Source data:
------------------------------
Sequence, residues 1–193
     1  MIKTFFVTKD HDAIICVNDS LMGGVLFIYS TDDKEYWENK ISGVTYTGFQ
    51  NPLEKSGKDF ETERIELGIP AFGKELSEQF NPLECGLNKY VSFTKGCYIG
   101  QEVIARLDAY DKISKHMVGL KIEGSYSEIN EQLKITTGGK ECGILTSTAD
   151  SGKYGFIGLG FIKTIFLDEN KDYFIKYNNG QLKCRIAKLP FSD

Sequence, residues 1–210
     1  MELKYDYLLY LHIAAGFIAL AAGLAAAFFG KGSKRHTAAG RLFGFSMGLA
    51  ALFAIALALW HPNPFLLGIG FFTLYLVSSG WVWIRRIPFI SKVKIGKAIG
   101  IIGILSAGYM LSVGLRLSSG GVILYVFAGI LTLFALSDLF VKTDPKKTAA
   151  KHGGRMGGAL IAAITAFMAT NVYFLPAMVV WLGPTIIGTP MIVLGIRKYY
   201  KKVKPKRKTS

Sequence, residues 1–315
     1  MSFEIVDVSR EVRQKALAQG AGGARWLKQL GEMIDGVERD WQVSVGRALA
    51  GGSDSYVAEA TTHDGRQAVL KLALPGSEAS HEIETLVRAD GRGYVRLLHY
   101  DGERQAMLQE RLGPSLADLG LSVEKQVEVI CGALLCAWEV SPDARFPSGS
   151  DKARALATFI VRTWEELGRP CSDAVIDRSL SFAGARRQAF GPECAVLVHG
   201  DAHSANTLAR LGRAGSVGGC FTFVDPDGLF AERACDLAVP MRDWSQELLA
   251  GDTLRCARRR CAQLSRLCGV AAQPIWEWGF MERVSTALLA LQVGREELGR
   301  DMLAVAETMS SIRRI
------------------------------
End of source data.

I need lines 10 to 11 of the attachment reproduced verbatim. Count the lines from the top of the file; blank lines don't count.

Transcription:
   151  KHGGRMGGAL IAAITAFMAT NVYFLPAMVV WLGPTIIGTP MIVLGIRKYY
   201  KKVKPKRKTS